Germany slipped into recession after its economy shrank in the first three months of 2023, marking the second quarter of contraction, country’s statistical office said on Thursday.
The gross domestic product (GDP) of Europe’s largest economy declined by 0.3 per cent in the period from January to March. It follows a drop of 0.5 per cent in Germany during the last quarter of 2022.
Initial estimates had indicated that the GDP would remain stagnant at zero growth, which raised hopes among people that Germany could possibly escape a recession.
Two consecutive quarters of contraction is a common definition of recession.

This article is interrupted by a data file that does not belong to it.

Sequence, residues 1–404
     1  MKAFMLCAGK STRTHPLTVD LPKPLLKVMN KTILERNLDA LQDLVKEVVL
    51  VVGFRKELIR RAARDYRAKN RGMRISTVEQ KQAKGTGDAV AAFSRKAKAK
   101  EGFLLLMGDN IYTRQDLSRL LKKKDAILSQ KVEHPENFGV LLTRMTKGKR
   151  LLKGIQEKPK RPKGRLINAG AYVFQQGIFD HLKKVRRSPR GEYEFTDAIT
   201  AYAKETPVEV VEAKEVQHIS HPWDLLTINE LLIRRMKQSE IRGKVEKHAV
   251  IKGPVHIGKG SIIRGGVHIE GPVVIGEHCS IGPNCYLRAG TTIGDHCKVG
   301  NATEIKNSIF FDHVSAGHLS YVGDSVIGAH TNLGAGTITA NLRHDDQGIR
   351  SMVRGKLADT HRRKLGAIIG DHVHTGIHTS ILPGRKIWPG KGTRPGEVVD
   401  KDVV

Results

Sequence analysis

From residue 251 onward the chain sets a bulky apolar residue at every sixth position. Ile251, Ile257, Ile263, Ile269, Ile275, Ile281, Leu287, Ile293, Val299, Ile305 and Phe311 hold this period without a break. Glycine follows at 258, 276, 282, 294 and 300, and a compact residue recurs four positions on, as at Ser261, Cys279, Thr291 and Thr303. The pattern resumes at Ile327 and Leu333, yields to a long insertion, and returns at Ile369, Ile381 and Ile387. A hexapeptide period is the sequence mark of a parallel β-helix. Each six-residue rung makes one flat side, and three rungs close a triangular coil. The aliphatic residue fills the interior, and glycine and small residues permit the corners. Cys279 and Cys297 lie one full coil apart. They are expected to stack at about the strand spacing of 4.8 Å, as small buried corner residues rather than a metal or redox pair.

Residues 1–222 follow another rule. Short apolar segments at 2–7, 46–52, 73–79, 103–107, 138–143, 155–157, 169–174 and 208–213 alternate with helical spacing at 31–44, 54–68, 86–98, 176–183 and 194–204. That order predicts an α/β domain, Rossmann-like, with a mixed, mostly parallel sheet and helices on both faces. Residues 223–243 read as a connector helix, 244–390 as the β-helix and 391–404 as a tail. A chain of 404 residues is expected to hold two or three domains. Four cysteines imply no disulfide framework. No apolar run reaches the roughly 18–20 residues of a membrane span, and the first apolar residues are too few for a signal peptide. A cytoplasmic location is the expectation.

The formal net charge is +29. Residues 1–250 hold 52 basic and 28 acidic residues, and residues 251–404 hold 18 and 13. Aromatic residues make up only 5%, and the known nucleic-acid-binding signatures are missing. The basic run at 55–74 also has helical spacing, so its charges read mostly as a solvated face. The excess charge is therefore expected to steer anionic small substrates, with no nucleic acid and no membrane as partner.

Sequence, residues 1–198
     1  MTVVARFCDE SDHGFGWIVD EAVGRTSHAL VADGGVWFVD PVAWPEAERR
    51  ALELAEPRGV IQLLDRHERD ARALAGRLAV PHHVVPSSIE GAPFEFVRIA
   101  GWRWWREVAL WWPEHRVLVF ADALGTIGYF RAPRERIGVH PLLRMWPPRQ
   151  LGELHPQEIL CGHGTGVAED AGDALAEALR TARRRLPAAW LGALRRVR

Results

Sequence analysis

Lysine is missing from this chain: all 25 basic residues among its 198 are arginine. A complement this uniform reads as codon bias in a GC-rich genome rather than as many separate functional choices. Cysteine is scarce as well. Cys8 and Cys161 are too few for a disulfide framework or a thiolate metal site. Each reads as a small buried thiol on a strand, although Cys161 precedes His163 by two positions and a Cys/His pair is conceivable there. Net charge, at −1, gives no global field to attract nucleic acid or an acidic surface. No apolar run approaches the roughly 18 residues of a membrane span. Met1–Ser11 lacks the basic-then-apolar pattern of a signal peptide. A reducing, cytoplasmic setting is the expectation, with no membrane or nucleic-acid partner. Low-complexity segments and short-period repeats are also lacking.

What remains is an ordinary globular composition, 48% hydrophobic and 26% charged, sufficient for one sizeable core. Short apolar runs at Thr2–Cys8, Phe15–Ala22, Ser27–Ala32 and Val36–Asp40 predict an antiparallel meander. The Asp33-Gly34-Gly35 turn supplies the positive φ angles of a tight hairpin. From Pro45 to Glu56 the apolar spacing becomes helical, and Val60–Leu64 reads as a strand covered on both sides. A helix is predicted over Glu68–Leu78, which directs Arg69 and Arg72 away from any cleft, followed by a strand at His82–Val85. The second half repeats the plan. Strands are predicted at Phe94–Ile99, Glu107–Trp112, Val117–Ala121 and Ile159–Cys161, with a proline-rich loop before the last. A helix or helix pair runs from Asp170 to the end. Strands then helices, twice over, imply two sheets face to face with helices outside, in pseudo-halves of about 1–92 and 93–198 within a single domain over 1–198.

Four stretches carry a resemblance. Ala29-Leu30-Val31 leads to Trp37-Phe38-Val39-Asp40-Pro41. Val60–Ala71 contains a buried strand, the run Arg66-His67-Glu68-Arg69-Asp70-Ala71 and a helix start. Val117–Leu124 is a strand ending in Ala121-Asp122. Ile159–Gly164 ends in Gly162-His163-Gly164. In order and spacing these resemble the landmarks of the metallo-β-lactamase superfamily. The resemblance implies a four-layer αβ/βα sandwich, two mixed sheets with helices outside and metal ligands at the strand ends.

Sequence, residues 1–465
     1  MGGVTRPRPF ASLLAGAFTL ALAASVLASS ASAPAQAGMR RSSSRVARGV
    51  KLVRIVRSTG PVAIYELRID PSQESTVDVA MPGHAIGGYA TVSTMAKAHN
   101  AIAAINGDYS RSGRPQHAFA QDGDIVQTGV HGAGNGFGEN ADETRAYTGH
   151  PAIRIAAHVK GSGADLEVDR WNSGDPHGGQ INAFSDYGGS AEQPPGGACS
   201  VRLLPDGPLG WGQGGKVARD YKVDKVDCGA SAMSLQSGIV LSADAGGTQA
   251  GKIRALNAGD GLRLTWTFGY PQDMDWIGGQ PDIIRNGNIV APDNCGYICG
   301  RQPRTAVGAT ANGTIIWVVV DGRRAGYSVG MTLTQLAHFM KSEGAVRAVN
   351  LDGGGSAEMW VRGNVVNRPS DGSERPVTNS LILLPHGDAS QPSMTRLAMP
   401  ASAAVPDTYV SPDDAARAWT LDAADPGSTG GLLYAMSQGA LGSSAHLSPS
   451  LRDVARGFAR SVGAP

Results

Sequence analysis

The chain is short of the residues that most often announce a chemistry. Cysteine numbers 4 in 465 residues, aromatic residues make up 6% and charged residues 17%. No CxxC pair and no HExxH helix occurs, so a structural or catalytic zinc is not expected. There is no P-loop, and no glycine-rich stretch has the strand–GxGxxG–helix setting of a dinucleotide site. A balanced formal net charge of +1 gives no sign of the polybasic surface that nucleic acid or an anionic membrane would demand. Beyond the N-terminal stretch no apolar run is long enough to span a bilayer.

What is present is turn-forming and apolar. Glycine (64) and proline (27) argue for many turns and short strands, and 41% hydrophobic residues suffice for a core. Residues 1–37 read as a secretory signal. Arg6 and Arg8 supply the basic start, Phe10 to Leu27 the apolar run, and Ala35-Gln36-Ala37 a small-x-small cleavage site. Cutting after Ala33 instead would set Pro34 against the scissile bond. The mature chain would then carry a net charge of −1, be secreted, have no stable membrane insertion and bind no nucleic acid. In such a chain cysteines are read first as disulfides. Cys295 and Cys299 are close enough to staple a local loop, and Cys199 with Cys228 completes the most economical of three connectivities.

The negative growth figure for this quarter was revised down by the federal statistics agency from an initial estimate of zero per cent.
What have pushed prices up?
Declining supplies of energy from Russia have pushed prices up, leading to inflation.
Household consumption dropped to 1.2 per cent quarter-on-quarter after price, seasonal and calendar adjustments.
The recession is said to be less severe than some of the early predictions made in the beginning of the conflict, however, mild winter weather and the easing of supply chain problems following the Covid pandemic were “not enough to get the economy out of the recessionary danger zone”, news agency AFP quoted Carsten Brzeski, head of macro at the ING bank, as saying.
Germany’s inflation rate stood at 7.2 per cent in April, above the euro area’s average but below the UK’s 8.7 per cent.
With inputs from agencies